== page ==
A bamboo forest in Damyang (photo credit: twowheeltrekker.com)
By Sharmila Valli Narayanan
In yesterday’s Business Circle story, we introduced Dato’ Ghazi Sheikh Ramli, the founder and chairman of a non-profit organisation called Global Innovation and Entrepreneurship Foundation (GIEF) who is a firm believer in the potential of bamboo as a cash crop. His networking with the officials and members of the World Bamboo Organisation (WBO) made him aware of the huge untapped commercial prospects for bamboo.
Energised by the meeting with the WBO officials in South Korea in 2012, Ghazi was determined to celebrate the first ever World Bamboo Day in Malaysia in 2013. He needed a key partner to help realise this dream. He approached Malaysian Timber Industry Board (MTIB) for support. The timing was perfect because MTIB had just finished completing a master plan for the development of the bamboo industry in Malaysia. The joining together of Ghazi and MTIB was a winning combination; together with other partners they made Malaysia’s inaugural celebration of World Bamboo Day (held from 19 to 21 September 2013) a huge success.
Ghazi’s visit to Damyang a small county in South Korea in 2012, opened his eyes to what bamboo could do for rural economy. Damyang county is a picturesque countryside in South Korea where one can still find quiet, unspoiled villages. Bamboo has been part of the lives of the rural people of Damyang for over 300 years. There were hundreds of local markets dedicated to bamboo. Over the years, the demand for bamboo declined. It reached alarming proportions 20 years ago when all the bamboo markets closed down. It looked as though the bamboo, which was a part of the county’s identity, would disappear all together.
Damyang’s bamboo savior was its governor, Choi Hyung-sik who revitalized the bamboo industry by expanding the bamboo sector to modernize and to adapt sustainable utilization. His efforts paid off. The result is that Damyang’s bamboo industry has been revived and its local bamboo markets are thriving. Under Choy’s leadership, local bamboo resources are carefully maintained and managed to sustainably supply bamboo culms and shoots for emerging new markets. He also, since 2003, spearheaded an effort to promote the development of “New Bamboo Products” as a way to boost local economy. Today, bamboo is at the heart of Damyang’s economy.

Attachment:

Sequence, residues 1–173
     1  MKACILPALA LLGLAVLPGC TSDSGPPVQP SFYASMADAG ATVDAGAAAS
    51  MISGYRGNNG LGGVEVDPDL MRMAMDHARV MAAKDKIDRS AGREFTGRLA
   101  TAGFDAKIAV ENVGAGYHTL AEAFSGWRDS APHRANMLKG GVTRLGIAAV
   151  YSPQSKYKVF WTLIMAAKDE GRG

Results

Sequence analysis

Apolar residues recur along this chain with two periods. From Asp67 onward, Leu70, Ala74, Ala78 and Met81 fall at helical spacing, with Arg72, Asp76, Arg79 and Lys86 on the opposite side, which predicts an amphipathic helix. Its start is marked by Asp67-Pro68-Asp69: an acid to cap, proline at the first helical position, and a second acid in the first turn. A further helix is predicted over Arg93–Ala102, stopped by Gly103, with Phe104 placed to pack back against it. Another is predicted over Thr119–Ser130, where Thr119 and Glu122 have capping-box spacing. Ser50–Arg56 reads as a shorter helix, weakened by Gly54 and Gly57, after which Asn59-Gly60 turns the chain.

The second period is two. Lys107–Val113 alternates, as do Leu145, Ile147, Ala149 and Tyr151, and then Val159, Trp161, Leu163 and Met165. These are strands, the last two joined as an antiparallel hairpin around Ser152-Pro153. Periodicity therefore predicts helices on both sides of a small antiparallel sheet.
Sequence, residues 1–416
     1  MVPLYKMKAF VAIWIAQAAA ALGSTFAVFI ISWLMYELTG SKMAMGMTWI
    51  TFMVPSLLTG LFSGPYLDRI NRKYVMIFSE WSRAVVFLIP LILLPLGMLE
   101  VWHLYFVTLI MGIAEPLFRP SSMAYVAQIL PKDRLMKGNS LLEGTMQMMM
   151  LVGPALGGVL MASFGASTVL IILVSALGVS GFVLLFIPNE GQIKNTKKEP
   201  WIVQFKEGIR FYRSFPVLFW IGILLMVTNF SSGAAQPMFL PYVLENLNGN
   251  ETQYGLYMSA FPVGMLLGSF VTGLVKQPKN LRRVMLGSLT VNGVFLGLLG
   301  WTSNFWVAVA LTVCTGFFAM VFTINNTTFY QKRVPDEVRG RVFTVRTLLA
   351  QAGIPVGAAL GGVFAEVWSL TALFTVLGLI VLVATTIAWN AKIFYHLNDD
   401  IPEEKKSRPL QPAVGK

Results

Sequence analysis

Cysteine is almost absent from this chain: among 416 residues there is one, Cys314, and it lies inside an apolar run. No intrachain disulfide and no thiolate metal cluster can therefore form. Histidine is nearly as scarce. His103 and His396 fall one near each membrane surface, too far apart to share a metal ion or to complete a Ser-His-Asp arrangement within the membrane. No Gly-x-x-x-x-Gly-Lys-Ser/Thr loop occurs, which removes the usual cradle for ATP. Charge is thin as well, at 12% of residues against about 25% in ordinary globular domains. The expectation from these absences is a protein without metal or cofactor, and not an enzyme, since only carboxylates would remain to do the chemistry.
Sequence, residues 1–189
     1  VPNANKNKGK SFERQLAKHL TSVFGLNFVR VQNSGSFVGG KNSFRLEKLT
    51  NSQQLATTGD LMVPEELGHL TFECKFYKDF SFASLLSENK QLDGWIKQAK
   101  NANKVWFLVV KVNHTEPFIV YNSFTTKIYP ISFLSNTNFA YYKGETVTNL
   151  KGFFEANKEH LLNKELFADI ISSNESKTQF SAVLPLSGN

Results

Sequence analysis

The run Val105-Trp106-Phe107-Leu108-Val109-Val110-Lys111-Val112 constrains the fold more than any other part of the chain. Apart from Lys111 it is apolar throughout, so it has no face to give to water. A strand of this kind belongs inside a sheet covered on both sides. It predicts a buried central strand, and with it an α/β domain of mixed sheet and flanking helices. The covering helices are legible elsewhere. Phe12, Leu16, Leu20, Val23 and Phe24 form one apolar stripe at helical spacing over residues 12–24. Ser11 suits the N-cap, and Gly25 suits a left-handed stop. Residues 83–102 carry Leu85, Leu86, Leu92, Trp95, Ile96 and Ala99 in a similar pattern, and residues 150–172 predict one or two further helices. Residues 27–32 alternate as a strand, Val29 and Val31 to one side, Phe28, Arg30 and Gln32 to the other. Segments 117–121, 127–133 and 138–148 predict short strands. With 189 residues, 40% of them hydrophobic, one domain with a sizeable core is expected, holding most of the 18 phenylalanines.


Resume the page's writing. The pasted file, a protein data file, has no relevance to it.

It was Choy’s efforts to modernise and revitalize the bamboo industry that impressed the officials of the WBO who decided in 2012 to award the Damyang the privilege to host the World Bamboo Congress (WBC) in 2015. At the same time, seeing Ghazi’s passion, dedication and commitment for bamboo also prompted them to name him as one of the ambassadors for WBC 2015.
Bamboo as a transformative agent in agriculture
All this talk of bamboo as the iconic green crop is fine but how does one translate it to the Malaysian scenario? Ghazi (pic) points out that agriculture has been identified as one of the National Key Economic Areas (NKEAs). “Bamboo is a product that people in the kampung can relate to. It has been a part of their lives,” explains Ghazi. “We need to show them how it can be transformed to an attractive cash crop. Here we can learn from Damyang where researchers got together to come out with new products made from bamboo. Here is where creativity and innovativeness must come in to create new products and uses for bamboo.”
Bamboo should not just be seen as contributing to agriculture only. It also has huge potential for different industries as well. According to Ghazi, research has shown that there are 12 key industries where bamboo can play a part. Some of these industries are food, plantation, textile/fabric, construction, medicine, transportation (Ghazi is busy working on a bicycle made from bamboo), entertainment and interior décor. “There are about 60 different business opportunities to be explored in these areas,” says Ghazi.
He cites two examples on how bamboo can have an impact on other industries. The first is the snack industry. “We can make bamboo chips and sell it worldwide. Our scientists and researchers need to come out with new flavours for bamboo chips to make them commercially viable. Frito-Lay, which is owned by PepsiCo Inc in the US makes billions of dollars a year just from potato chips. If it can be done with potato chips, it can be done with bamboo chips.”
Another industry where bamboo can have an impact is the batik industry. “Bamboo can turn batik industry green. You can use bamboo to make textile or fabric and paint batik designs on them. Eco-fashion is going to be very big in future,” he says. “We need to make the rural folks aware of the huge potential in bamboo farming.”
It’s not just the rural folks who need to be educated. People in decision making positions also need to be aware of bamboo’s potential. Ghazi has been busy trying to talk to the right people. There is a reason for his urgency in meeting with the officials. Ghazi reveals that during the dialogue session with WBO in Damyang in 2012, he proposed that the official wear for delegates for WBC 2015 to be green batik. “The officials accepted the idea. For this to become a reality, we need to work with many parties. We need funds to see this idea through and help from various ministries. That’s why I don’t mind going to anyone to present my case for bamboo. It does not matter if they do not accept my ideas; at least listen to it first,” he adds.
“I am convinced that bamboo is an iconic crop for transformation of the agriculture sector and countryside,” says Ghazi.